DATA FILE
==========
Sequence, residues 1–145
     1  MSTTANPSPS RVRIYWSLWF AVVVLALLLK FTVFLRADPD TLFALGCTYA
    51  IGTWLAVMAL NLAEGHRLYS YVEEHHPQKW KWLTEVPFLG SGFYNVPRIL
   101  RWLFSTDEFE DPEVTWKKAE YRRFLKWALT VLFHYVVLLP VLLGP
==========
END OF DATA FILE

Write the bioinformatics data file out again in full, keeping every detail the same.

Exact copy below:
Sequence, residues 1–145
     1  MSTTANPSPS RVRIYWSLWF AVVVLALLLK FTVFLRADPD TLFALGCTYA
    51  IGTWLAVMAL NLAEGHRLYS YVEEHHPQKW KWLTEVPFLG SGFYNVPRIL
   101  RWLFSTDEFE DPEVTWKKAE YRRFLKWALT VLFHYVVLLP VLLGP